Junio C Hamano <[EMAIL PROTECTED]> writes:

> All true.  Let's redraw that simplified scenario, and see if
> what I said still holds.  It may be interesting to store my
> previous message and this one in a file and run diff between
> them.

There are a couple of things worth mentioning about the two
examples (one that I resolved favoring non-rename and
non-addition, and the other I resolved favoring rename and
addition) I gave tonight.

1. When I said "the principles are the same", I was primarily
   referring to the part that detects the 'previous' merge,
   which of its parents is 'ours' and which is 'theirs'.
   Although I handwaved that part in both examples, my gut
   feeling is that this part is probably harder than the part
   that adjusts trees before merging.  klibc vs klibc-kbuild
   case had a clear distinction between which commit is ours and
   which is theirs, but I am not sure if things are that black
   and white in real projects when a lot of criss-crossing
   merges are involved.

2. When adjusting trees, I treated removals and additions a bit
   differently, but there is no fundamental reason to do so.

   In the first example which had a removal, I adjusted the tree
   #2 and #6 by removing the path involved.  In the second
   example which had an addition, I did not adjust the tree #2
   and #6 to add that path.  But you _could_ do nothing to
   adjust for removal; i.e. leaving K in tree #2-adjusted and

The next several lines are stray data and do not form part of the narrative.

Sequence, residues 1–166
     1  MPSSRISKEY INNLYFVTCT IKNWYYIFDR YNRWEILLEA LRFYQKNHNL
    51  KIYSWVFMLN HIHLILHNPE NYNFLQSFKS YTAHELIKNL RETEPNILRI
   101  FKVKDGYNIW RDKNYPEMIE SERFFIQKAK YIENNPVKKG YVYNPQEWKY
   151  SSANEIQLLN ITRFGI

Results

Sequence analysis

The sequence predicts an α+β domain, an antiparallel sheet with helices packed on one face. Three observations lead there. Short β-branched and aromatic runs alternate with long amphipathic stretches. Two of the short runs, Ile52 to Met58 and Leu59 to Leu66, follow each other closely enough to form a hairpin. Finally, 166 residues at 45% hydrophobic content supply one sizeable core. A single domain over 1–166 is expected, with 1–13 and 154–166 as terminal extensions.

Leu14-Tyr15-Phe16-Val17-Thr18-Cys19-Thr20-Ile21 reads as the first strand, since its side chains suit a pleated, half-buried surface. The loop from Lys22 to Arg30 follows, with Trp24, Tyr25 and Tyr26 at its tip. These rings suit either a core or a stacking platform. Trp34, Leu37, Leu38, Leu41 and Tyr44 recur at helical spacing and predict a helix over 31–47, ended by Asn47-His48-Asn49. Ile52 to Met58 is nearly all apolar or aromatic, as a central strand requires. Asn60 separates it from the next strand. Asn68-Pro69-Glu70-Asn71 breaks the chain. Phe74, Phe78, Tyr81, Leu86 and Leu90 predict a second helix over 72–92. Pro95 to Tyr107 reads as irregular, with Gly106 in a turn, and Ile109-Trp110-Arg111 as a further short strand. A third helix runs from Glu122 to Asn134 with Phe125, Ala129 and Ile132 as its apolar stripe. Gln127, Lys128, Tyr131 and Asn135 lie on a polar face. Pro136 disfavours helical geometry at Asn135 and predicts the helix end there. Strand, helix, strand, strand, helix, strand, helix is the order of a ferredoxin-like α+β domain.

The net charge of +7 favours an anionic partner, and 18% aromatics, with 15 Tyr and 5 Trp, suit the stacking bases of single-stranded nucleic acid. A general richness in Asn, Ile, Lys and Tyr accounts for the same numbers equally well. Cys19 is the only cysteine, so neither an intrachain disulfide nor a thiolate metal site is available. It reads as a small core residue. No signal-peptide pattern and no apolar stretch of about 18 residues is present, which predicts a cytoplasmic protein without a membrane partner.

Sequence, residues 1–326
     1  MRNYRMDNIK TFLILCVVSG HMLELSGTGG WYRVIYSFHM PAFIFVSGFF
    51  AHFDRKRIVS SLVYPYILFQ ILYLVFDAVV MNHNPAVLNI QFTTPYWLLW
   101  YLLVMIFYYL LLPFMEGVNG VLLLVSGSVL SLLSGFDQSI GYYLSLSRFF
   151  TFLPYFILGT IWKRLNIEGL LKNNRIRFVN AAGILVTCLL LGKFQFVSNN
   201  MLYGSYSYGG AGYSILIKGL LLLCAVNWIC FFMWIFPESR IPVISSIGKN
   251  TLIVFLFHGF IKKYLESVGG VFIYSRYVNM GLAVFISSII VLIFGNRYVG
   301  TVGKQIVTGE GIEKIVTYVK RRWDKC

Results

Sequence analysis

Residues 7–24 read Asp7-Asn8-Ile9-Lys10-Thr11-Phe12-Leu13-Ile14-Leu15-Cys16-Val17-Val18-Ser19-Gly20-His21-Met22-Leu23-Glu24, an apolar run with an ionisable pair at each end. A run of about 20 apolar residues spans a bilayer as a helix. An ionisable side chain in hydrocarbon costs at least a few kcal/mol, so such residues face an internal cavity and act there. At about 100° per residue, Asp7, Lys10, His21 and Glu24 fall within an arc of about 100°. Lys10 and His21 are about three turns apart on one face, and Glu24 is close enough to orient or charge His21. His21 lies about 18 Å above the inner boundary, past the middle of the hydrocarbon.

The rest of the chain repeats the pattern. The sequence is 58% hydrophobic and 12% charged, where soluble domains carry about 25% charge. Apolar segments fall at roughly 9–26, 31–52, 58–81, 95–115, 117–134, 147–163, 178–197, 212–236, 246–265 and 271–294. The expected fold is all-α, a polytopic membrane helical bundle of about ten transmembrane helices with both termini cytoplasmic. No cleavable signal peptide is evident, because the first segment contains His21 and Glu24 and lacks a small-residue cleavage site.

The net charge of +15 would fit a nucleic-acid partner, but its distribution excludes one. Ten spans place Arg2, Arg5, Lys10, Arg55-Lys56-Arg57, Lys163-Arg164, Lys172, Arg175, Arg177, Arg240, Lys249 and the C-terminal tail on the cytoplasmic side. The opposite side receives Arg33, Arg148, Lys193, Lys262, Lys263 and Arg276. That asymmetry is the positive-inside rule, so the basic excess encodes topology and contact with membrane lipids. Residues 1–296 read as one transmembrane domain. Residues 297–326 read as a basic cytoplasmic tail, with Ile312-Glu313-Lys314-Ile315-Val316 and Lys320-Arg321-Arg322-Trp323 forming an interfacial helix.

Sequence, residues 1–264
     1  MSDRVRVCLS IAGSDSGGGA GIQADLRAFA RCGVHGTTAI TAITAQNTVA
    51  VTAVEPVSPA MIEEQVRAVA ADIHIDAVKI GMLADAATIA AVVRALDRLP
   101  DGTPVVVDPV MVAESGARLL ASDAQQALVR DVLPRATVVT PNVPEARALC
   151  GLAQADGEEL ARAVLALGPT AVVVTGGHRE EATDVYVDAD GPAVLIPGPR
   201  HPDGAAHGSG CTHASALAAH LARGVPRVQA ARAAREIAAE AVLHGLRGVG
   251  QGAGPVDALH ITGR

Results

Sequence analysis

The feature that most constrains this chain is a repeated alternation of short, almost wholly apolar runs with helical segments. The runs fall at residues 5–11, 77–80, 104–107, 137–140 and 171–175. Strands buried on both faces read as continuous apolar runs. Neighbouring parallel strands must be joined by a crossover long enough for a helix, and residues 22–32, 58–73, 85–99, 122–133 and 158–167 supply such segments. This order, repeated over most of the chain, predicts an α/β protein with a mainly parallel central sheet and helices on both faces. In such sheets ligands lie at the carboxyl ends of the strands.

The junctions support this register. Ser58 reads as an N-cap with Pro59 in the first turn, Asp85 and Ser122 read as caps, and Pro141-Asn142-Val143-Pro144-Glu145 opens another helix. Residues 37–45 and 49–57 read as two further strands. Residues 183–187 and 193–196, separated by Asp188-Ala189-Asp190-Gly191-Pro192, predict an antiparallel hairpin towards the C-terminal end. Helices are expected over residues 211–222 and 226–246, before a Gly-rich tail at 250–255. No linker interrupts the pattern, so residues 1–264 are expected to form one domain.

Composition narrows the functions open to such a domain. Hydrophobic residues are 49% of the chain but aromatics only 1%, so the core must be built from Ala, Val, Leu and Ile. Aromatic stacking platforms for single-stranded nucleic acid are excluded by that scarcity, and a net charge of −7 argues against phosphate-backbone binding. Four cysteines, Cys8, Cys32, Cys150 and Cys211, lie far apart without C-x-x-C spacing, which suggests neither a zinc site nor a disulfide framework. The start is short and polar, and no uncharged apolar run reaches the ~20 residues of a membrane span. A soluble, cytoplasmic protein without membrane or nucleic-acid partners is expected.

#6-adjusted in the first example. Also you _could_ adjust for
   the addition by copying K from #3 into #2-adjusted and
   copying K from #5 into #6-adjusted in the second example.

   If you did the former, merging the resulting #6-adjusted into
   #5 pivoting at #2-adjusted would leave a non-trivial conflict
   for you to resolve by hand.  #6-adjusted changes K from
   #2-adjusted while #5 would remove it from #2-adjusted.  This
   would be a remove-modify conflict (case 7 in the 3-way merge
   case table in t/t1000-read-tree-m-3way.sh).  But this is only
   non-trivial to git and what you want is obvious to you as the
   maintainer of the line of development that removed the file
   at #3.  You removed it the last time, and you remove it this
   time again.  I adjusted #2 and #6 to remove the path only to
   save you from this tedium upfront before the read-tree phase.

   Similarly, in the second example, if #2 and #6 are adjusted
   for the addition of K by copying K from #3 and #5 into them,
   the resulting merge would see that one line #2-adjusted to
   #6-adjusted changes K (whose contents is that of
   #3) to that of #5, while the other line #2-adjusted to #5
   changes K (whose contents is again that of #3) to that of
   #5.  Since this is both-change-identically (case 12 in the
   3-way merge table), it trivially resolves to keep K from #5,
   and the result is the same as what you would get from my
   second example which did nothing about additions.


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